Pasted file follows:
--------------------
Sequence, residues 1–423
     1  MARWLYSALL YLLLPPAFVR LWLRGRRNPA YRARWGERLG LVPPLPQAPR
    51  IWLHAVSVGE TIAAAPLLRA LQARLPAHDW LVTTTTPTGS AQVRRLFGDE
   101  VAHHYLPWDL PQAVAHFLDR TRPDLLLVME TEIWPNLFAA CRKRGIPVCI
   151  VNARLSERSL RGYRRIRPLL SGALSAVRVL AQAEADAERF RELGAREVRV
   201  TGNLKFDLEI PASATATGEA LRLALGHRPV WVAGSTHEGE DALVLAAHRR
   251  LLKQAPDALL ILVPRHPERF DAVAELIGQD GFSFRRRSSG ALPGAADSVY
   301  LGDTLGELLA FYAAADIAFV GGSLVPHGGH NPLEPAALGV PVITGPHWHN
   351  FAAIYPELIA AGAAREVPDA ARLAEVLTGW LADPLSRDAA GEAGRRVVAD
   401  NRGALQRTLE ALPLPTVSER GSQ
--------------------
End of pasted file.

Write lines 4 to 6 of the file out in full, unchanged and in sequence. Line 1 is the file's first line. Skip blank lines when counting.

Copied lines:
   101  VAHHYLPWDL PQAVAHFLDR TRPDLLLVME TEIWPNLFAA CRKRGIPVCI
   151  VNARLSERSL RGYRRIRPLL SGALSAVRVL AQAEADAERF RELGAREVRV
   201  TGNLKFDLEI PASATATGEA LRLALGHRPV WVAGSTHEGE DALVLAAHRR